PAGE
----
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Credit: CNBC

In 2011, Steve Jobs’ death halted a Disney/Apple merger

The death of Apple founder and CEO Steve Jobs in 2011 halted chances of a merger between Disney and Apple, according to former Walt Disney Company CEO Bob Iger during an interview with CNBC.

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The former chief executive officer of The Walt Disney Company has often found himself in the spotlight during his long career with Disney, and in the last few weeks, ahead of his departure from Disney on December 31, Bob Iger has given multiple interviews, answered questions about his successor, Bob Chapek, talked about some aspirations for the future, and even returned to the television station to forecast the weather one last time.

Watch CNBC's exclusive interview with outgoing Disney Chairman Bob Iger,  who talks about his best deals as the company's CEO

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In his interview with CNBC that aired on Tuesday, December 21, Bob Iger talked about his friendship with the late Apple founder, and he admitted that he never actually discussed a deal between The Walt Disney Company and Apple Inc., but that he feels sure the discussion would have eventually taken place.

“I’m pretty convinced we would have had that discussion; I think we would have gotten there,” the former Disney CEO explained during the interview, speaking about a possible Apple Disney merger.

bob iger and steve jobs

Credit: 9to5mac

Iger pointed out that Disney’s purchase of PIXAR in 2006 made Steve Jobs a major shareholder with the House of Mouse, and though no conversation ever took place between Disney CEO Bob Iger and Apple CEO Steve Jobs, Iger did mention the potential for a merger if Jobs had lived in his book, The Ride of a Lifetime.” Iger says the famous Apple founder enjoyed the benefits of the merging of “great technology” with “great creativity.”

Steve Jobs died in 2011 after battling cancer. He and Steve Wozniak are credited with the invention of the personal computer in a garage in the 1970s. The Spaceship Earth attraction has long paid homage to that creativity with an audio-animatronic likeness of Steve Jobs (or Steve Wozniak) at a desk in a garage near the topmost part of the ride track inside the attraction.

Spaceship Earth Steve Jobs

Credit: JSpence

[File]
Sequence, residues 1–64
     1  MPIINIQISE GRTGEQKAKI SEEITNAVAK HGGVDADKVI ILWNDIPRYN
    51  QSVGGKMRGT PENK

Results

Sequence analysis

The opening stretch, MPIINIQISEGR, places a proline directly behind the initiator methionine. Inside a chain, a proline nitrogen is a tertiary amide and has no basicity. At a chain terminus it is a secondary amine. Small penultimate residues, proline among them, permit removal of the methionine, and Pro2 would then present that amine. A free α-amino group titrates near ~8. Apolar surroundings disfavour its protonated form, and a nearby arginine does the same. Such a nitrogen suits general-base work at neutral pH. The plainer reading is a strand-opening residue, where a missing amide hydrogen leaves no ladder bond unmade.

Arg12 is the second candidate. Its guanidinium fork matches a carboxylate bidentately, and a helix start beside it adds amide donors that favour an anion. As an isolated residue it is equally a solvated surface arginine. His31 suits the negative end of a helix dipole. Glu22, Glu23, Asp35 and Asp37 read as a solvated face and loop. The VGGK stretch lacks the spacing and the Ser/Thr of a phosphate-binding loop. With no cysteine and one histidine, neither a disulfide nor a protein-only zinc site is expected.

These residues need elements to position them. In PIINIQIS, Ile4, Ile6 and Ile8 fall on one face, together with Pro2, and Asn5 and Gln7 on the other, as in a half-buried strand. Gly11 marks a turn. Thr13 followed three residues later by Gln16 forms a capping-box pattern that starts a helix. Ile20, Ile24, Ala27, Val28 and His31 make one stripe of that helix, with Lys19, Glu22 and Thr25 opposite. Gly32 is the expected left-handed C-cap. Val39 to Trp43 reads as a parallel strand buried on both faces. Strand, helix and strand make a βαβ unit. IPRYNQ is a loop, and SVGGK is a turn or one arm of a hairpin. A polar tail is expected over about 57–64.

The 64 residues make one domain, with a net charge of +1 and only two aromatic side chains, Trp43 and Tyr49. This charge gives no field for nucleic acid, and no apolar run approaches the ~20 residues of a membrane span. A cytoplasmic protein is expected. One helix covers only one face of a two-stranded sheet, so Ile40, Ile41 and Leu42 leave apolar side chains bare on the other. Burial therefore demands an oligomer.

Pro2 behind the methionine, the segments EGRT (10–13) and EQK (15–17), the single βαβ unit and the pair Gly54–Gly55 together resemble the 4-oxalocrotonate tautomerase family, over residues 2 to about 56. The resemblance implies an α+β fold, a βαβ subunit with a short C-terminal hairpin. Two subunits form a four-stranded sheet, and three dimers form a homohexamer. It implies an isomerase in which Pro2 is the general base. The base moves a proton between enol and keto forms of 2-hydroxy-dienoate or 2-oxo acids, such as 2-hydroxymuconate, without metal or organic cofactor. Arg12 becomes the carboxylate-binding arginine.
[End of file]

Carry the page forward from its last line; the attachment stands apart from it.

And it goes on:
Jobs not only owned Apple, but he was part of the financial backing behind the creation of PIXAR Animation Studios. Jobs, John Lasseter, and Ed Catmull began PIXAR years before Toy Story made its theatrical debut. Disney purchased PIXAR for $7.4 billion in 2006.

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It’s interesting to think about what might have happened in an Apple Disney merger. Two giant companies merging–which one do you think would have bought out the other? Let us know in the comments!

 

 

 

 

 

 

 

 

 

 

About Becky Burkett

I'm an enthusiastic writer who finds joy in random things like cold weather, snow, "I Love Lucy," "The Andy Griffith Show," journals full of blank paper, countdowns to Christmas, the month of December, "Toy Story," "Sleeping Beauty," my 4 kids, my 4 shih tsus, Disney Parks history, Imagineering and visiting the parks. I think Walt Disney is the standard against which genius should be measured. I love to write about Disney Parks, Disney history, all things Imagineering and PIXAR. I adore the colors, story and art direction of Disney's "Sleeping Beauty" (Team Make it Blue!), and "Toy Story" is life (minus "Toy Story 4"). I believe Walt Disney was so much more than an entertainment and theme park tycoon; I believe he was a savant with a vision for life and how it could be if happiness and kindness are strived for. I love Biergarten at EPCOT and 1900 Park Fare at Disney's Grand Floridian. You can find me croonin' with the birdies at the Enchanted Tiki Room, chillin' on the PeopleMover or hangin' with Woody and the gang at Toy Story Land. I'm always looking for Imagineers in the parks, and I'd rather meet Joe Rohde and Tony Baxter than anyone in Hollywood! Hey, if you dream it, you really can do it!